From eroticism to extinction, the world’s most intriguing collection of art calendars.
“ For a decade, it has become our hallmark to combine opposites: the beautiful, naked body of women with the perfect matter of exclusive coffins. Eros with Tanatos.”
So says the introduction to the 2019 edition of the Lindner Calendar, one of the most provocatively erotic and artistic corporate calendars you’ll ever see. While there has long been a tradition (now rapidly dying in a furiously Woke culture, with businesses terrified of being found on the wrong side of history) of unlikely businesses building a reputation with sexy calendars – Pirelli being the most obvious, the Lindner Calendar still stands out for two reasons. One is the extraordinary artistry involved – these are often far more than simply photos of semi-naked girls, instead playing with fascinating visual themes and narratives. The other is rather more obvious. We don’t usually expect coffin makers to be so upfront. Coffins are not, for most people, very sexy.
And Lindner don’t beat around the bush when it comes to product placement. Their coffins are right there in the photos. As erotic as the images might be, there is never an attempt to get away from the central purpose of the product. Deah, like sex, is, of course, a taboo for many – neither is the sort of thing that we are supposed to discuss over dinner. But we’re living in an age where death is now omnipresent, figures reported nightly on the news in some grim role call. Lindner’s calendars have never felt so relevant.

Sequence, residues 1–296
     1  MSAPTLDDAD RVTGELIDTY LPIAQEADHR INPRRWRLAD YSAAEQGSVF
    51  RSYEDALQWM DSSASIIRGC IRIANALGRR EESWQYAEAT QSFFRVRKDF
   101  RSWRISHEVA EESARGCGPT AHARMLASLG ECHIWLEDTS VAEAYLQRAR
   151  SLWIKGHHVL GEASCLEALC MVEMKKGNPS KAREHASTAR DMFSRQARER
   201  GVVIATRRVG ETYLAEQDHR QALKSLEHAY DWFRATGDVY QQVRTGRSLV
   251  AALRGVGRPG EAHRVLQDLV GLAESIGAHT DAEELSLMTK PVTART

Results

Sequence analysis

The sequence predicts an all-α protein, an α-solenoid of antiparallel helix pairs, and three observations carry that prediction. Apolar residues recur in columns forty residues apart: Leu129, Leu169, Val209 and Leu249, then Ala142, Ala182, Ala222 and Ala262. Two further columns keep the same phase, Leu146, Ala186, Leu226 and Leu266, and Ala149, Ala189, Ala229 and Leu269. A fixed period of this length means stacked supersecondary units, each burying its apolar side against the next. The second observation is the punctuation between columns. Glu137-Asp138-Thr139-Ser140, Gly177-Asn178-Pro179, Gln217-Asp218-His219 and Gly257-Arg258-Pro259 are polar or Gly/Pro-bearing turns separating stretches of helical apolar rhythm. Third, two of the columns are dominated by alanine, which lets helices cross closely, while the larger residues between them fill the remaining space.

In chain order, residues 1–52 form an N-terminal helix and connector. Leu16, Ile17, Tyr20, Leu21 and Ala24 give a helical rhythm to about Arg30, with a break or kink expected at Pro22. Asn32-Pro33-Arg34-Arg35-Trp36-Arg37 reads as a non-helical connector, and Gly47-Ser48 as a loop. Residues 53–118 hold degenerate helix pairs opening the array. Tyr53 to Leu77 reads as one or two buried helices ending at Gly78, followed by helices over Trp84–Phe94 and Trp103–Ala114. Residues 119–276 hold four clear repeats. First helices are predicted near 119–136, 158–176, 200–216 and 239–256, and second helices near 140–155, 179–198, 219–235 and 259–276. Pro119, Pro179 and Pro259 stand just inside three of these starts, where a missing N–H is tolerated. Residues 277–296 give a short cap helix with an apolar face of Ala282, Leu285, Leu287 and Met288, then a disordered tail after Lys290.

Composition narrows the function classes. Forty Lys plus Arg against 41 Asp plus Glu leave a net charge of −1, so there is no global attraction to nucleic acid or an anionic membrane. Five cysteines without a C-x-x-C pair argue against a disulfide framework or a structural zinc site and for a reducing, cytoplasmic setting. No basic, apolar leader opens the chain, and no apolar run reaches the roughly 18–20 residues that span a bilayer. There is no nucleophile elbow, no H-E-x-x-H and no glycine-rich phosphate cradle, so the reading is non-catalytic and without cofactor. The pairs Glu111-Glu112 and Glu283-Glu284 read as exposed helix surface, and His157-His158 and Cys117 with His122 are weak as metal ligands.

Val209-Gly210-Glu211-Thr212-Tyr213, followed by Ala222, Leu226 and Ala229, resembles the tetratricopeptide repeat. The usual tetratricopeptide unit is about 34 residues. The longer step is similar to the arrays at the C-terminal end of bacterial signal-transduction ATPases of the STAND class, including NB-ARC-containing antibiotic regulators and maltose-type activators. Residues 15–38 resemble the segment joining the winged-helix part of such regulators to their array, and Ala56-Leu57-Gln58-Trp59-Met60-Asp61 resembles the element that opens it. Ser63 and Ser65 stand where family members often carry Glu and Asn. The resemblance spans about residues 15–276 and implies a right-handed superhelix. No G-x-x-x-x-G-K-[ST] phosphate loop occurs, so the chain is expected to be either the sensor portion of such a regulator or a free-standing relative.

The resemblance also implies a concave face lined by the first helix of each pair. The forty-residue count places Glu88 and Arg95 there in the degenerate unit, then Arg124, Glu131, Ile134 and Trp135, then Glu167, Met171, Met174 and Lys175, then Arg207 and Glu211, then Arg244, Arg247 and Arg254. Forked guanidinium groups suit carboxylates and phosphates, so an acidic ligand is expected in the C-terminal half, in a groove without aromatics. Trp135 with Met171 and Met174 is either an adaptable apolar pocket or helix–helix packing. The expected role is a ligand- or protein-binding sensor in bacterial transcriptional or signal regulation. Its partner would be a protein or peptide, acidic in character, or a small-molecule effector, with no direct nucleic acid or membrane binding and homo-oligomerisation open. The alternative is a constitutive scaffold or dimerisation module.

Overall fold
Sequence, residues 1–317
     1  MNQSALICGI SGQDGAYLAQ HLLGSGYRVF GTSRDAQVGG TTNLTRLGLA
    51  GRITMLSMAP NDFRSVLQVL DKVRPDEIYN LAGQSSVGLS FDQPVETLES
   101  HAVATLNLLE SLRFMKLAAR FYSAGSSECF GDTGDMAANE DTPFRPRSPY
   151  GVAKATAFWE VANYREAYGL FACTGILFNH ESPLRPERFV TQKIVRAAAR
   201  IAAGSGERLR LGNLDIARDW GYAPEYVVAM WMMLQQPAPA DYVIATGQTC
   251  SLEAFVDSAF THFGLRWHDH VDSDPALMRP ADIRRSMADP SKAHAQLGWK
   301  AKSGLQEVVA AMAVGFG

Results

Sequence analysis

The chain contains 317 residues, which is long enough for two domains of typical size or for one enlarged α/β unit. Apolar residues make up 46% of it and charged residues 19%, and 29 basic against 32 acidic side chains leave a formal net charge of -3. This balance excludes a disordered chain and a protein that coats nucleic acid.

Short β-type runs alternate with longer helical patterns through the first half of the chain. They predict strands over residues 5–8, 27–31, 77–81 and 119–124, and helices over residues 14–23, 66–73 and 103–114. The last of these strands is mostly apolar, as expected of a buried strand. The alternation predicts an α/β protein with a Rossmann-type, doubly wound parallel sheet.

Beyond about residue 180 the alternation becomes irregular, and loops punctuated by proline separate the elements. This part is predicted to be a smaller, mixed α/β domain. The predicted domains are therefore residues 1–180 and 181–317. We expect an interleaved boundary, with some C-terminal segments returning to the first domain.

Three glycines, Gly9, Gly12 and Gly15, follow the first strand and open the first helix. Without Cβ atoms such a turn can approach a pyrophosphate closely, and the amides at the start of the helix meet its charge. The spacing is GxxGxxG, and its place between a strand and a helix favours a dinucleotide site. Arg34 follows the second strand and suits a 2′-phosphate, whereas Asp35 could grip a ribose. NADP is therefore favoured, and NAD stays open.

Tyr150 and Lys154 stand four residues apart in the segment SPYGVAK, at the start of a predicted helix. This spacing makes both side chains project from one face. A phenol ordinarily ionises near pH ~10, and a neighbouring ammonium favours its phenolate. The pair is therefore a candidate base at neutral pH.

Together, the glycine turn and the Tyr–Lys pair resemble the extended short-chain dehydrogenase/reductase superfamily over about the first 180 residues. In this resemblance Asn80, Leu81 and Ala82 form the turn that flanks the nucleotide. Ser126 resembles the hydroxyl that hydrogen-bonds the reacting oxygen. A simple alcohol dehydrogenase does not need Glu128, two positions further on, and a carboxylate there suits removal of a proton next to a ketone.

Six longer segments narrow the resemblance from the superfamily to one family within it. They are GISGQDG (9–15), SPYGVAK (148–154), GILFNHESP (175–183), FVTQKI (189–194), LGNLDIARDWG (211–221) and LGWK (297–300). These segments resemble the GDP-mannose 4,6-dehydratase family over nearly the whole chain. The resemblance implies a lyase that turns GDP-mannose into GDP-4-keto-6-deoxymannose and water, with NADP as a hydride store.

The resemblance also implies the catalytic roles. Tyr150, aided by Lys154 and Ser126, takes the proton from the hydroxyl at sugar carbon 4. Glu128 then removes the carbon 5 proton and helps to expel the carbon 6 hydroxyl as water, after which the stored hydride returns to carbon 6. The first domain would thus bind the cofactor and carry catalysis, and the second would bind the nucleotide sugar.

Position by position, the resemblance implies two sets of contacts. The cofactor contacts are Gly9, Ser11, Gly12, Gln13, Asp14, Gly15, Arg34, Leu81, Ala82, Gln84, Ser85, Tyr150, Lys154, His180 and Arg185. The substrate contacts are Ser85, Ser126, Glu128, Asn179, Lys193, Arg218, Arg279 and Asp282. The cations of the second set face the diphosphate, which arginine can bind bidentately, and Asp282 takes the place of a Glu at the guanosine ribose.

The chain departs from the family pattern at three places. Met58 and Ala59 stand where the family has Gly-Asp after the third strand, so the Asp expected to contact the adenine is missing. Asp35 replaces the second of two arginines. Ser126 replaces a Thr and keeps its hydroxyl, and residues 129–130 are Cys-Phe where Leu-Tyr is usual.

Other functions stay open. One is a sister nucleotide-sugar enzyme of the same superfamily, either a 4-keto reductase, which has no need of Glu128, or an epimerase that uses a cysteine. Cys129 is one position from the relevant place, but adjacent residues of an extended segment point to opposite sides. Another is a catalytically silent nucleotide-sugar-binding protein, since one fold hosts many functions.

To make this all the more revolutionary, Lindner is a Polish company, and the catholic church that dominates that country tend to frown upon both sex and the trivialisation of death. In 2014, the Polish catholic church sniffily commented that “human death should be treated with solemnity and not mixed up with sex.” But death is a grim enough reality as it is – perhaps we should be less uptight about it, and allow the life-affirming, liberating joys of sex to free us from the misery of the fact that we are all slowly marching towards the grave. Enjoy life and its pleasures while you can.
Lindner owner commented to the Daily Mail that the calendars aim to celebrate “the beauty of Polish girls and the beauty of our coffins. So much work goes into our coffins that are only seen for a few moments at the funeral. We wanted to show that a coffin shouldn’t be a sacred object. It isn’t a religious symbol.” And indeed, the calendars hint at other uses for these carefully crafted items – bookshelves, drinks cabinets, coffee tables and more. Why not?
We can see the development of the calendars over the years, starting out in 2010 as unremarkable collections of attractive young women in skimpy outfits and then slowly developing, both in themes and explicitness. There is nothing coy about the Lindner calendars after the first couple of years; perhaps the idea of pussy-footing around nudity in a calendar that is promoting coffins seemed pointless. The images sometimes make that direct connection with death – sexy grim reapers, images that mix blood and nudity, moments of horror. It’s all a world away from any other corporate or sexy calendar, and unsurprisingly, they are now seen more as collectable works of art than mere guides to which day of the week it is. Long may they continue.